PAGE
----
By Reshma Parveen
Relevant for: Teachers, parents, students and those who consider themselves learners
Dr. Carol Dweck and her colleagues studied students’ attitude about failure. They came up with the underlying principles of learning and intelligence as fixed mindset and growth mind set. From an educationist point of view, I will try to explain when students develop fixed mindset or growth mindset and how can teachers help in developing a growth mindset in students?
Understanding how the brain works is the first step towards growth mindset. Students as young as in primary school need to learn how the brain has neurons and how they are inter-connected making a network. By learning about the brain and how it works, students develop an understanding that their mindset is not fixed but changeable, they will put more effort in developing a growth mindset. How can this understanding be developed?
Brainstorming on what the brain does? What is intelligent? Do we have equal intelligent? Are animals intelligent? Can we improve our intelligent? is a good start point. Then teaching them about neurons and how they are interconnected can be discussed. A growing child who initially cannot speak gradually gets to speaking, learns the language – words then sentences – is a good example on making the students believe that they can change and improve their intelligence.
Research has found that when students believe that their efforts give them the outcome they desired, they put in extra time and more effort making their way to more success. Success breeds success. Research in neuro science explain this phenomena very well. The nerve cells or neurons in our brain are interconnected and broader experience can change and extend this network. With practice and extended activities the existing network is strengthen and new connections are developed. The brain cells also form insulations sheets that transmit information more quickly.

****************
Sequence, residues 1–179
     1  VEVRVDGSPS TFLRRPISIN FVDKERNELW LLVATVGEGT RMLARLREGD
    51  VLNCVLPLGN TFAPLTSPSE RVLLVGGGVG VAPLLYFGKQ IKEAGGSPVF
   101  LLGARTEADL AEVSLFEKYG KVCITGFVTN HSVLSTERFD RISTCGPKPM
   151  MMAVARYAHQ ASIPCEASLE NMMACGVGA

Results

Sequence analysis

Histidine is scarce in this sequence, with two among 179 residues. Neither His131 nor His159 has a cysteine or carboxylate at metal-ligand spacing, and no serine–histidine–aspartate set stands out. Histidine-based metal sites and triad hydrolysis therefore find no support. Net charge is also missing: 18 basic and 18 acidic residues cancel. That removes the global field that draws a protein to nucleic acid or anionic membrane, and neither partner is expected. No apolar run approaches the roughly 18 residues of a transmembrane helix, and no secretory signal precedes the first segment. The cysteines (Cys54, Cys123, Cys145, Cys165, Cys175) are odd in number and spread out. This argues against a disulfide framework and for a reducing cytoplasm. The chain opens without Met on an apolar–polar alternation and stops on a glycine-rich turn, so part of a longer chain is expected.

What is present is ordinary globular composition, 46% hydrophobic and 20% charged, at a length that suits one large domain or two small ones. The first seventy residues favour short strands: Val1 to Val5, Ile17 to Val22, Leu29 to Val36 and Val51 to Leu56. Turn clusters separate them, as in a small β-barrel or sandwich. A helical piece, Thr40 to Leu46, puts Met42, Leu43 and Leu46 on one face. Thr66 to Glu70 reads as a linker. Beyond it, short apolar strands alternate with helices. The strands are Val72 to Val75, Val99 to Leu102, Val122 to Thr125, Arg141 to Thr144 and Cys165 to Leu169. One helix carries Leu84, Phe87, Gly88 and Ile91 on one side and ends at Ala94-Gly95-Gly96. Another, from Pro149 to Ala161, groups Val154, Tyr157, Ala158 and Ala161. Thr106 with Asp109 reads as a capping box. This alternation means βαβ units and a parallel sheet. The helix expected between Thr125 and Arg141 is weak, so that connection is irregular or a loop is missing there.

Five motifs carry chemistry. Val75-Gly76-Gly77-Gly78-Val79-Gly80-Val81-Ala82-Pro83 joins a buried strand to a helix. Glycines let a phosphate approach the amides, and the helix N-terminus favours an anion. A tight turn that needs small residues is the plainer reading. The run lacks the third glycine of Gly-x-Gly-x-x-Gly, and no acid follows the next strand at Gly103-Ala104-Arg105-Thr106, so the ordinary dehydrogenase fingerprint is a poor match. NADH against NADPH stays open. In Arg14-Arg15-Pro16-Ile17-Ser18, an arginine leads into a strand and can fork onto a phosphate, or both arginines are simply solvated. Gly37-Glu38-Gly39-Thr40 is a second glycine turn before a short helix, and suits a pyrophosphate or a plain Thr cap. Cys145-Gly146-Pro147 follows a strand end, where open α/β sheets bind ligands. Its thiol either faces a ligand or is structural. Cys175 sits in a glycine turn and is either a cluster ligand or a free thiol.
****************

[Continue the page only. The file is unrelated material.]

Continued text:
It means that by doing extra and extended activities, our brains ability to process information is increased. It is the same logic as a novice runner plans to run 10KM. Since he/she has never ran, initially it is difficult and painful. So may be he/she starts by running 2km a day. This initial running is painful and the muscles hurt. By continuing the exercise the person can run 5, then 8 then 10km according to his/her own pace. It does not mean that the muscle pain fades away, but that the muscles get stronger to overcome the pain. Same situation can be observed in weight lifting. A person who can’t lift 20 pounds at the start of exercise can lift 100 pounds after working out for a long time. That’s because the muscles become larger and stronger with exercise. Just like a runner or a weightlifter through brain exercise one can grow a stronger brain. Sometimes it is hurtful but when one feels getting better and stronger, all the work is worth it. The more you challenge your mind to learn, the more neuron connections you make in your brain. If you continue to strengthen these connections, things you once found very hard to do become easy and you get a stronger and smarter brain.
Teachers’ feedback has a very great impact on changing students’ mindset. Generally in our schools the well-performing students are praised for their good work. Teachers consider their work as perfect with not further changes or improvements. One would wonder that this is the best way to help the child improve. But interestingly, research has found that such attitude develops a fixed mind set in well-performing students (No improvement needed!!! Right?). It means that telling students they are smart is developing a fixed mindset. To cultivate a growth mindset teachers should praise the hard work and the efforts that the student has put in the work and should provide further guidance.
With other students in the class who are not able to perform very well, the teacher should provide specific feedback (on their assignment, test paper or verbally). Once students have done a test/assignment and the teacher has check it, detailed written feedback should be given. One may say that students do not bother reading the feedback, teachers should spend 15-20mins of the class giving students time to read the feedback and correct their mistakes on a separate sheet of paper. Processing their errors makes students deeply involved in it, greater learning from it and correcting it. The teacher may choose not to check it again (so it is not an extra burden) but to let students peer check each other’s corrections.
When students have a growth mindset, they take on challenges and learn from them leading to increased abilities and achievement. It is time to harness the failures that we encounter not only in schools but in everyday life. Build on your failures and feel proud for your learning.
A 10 mins TED talk by Dr. Carol Dweck’ on the power of ‘not yet’ instead of a failure can be watched here. https://www.ted.com/talks/carol_dweck_the_power_of_believing_that_you_can_improve?language=en